Tim O’Reilly has an interesting post on why the GPLv3 took a pragmatic approach when it came to the “SaaS loophole” (i.e. SaaS apps aren’t redistributed; no redistribution means SaaS vendors can use GPLv2 code with modifications and keep the modifications to themselves).

Tim states in the comments to his post:

Having the source to Google or Amazon or eBay or CraigsList also won’t let you replicate the service, unless you have millions of dollars to spend on infrastructure, employees to manage the ongoing services, etc. etc.

I’ve found it amusing that OSS supporters calling for software vendors to open source all their software believe the future of the software market is SaaS+OSS. Let’s pause here for a second.

According to the FSF, here are the 4 freedoms that free software should provide:

  • The freedom to run the program, for any purpose (freedom 0).
  • The freedom to study how the program works, and adapt it to your needs (freedom 1). Access to the source code is a precondition for this.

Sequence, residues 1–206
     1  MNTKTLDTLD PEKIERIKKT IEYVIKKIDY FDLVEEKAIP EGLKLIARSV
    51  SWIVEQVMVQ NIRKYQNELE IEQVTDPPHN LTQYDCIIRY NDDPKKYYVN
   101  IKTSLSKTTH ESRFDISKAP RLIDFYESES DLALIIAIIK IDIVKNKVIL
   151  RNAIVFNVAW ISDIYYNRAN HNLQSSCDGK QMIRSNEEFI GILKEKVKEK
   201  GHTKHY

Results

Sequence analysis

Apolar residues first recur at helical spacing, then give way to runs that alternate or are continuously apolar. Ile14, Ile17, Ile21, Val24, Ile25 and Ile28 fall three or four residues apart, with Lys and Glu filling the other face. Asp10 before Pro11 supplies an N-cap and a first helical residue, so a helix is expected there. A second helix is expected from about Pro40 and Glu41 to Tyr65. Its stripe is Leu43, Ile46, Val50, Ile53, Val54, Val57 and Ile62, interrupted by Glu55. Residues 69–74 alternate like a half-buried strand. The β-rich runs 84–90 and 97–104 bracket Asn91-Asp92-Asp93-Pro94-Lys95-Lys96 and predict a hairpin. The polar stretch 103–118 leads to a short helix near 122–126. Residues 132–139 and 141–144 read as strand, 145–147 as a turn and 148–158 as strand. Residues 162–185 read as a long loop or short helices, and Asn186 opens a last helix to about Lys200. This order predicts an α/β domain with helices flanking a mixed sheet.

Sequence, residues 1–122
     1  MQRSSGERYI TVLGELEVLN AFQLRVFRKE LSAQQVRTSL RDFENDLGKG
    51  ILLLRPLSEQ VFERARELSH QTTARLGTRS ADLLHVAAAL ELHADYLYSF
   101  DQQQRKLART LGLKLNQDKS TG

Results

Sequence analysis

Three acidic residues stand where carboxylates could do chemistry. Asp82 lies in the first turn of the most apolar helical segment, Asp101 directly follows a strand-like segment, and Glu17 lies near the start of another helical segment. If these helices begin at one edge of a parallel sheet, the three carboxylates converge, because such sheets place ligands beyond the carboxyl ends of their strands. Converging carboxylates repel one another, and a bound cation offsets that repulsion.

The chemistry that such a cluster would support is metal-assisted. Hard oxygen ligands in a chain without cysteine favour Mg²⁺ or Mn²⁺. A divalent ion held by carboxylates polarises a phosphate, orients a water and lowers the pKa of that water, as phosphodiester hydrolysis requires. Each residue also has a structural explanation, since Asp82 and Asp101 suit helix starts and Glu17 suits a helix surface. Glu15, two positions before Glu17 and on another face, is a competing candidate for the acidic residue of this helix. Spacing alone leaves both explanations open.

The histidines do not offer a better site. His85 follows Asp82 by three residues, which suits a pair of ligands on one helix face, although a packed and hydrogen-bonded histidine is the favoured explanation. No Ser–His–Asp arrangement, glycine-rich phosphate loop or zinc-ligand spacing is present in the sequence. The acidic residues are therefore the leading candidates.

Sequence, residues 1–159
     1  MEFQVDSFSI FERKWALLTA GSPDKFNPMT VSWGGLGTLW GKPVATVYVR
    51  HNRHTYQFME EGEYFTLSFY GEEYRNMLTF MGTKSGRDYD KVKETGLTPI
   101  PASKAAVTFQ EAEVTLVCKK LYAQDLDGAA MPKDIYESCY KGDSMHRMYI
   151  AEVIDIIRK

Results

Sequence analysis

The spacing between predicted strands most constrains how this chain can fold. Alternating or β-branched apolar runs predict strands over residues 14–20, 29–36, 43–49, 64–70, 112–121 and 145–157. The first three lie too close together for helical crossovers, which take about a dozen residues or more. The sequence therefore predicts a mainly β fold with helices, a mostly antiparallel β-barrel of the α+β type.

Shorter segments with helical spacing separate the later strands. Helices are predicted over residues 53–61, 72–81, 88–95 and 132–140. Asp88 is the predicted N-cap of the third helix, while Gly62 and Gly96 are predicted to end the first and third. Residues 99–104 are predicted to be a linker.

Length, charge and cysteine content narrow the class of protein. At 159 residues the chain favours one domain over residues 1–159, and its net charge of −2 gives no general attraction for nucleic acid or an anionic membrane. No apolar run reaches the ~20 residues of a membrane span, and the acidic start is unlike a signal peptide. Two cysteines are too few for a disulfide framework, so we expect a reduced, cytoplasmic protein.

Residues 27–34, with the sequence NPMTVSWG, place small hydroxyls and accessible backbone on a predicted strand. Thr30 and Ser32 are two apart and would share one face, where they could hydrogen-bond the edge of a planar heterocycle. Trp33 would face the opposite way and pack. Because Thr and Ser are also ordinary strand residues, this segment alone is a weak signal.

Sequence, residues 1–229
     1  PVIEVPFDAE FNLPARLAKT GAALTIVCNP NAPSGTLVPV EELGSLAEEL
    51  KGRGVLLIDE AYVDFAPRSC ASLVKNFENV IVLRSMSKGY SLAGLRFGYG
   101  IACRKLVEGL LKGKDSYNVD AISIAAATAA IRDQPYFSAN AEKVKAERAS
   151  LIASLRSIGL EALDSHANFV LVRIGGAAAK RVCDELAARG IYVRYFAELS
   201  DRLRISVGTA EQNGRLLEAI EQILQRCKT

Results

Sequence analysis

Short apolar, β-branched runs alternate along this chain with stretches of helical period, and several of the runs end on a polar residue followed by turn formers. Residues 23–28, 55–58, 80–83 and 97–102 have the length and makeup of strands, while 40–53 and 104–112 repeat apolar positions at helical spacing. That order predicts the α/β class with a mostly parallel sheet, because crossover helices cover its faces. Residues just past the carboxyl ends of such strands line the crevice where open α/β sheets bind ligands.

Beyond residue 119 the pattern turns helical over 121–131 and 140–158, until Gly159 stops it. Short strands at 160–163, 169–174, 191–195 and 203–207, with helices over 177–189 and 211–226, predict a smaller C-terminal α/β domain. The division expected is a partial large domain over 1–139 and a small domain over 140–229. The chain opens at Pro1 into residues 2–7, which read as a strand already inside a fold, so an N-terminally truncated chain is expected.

• The freedom to redistribute copies so you can help your neighbor (freedom 2).
  • The freedom to improve the program, and release your improvements to the public, so that the whole community benefits (freedom 3). Access to the source code is a precondition for this.

Yes, free software and open source software is different (as RMS has often said). But OSS proponents rely heavily on the above 4 freedoms when describing why OSS is a better answer than Traditional software (…to what question?).

I’d argue that SaaS expressly prevents freedoms 1 through 3. Considering that SaaS delivers on only 1 of 4 freedoms that OSS proponents suggest are immutable, why the love between SaaS & OSS?

In a future with SaaS at the core of non-commercial user applications, I suggest that the key things that users will care about are the openness of:

The source to Gmail will not greatly help me replicate Gmail. But an open GUI api will help me (or someone else) create things like better Gmail without (messy & brittle) hacks.


PS: I doubt the success of SaaS in commercial user applications. I base this view mostly on the (un)willingness of IT managers & CIOs to cede control outside the walls. But I could be wrong here. Technology aside, we can’t overlook human nature.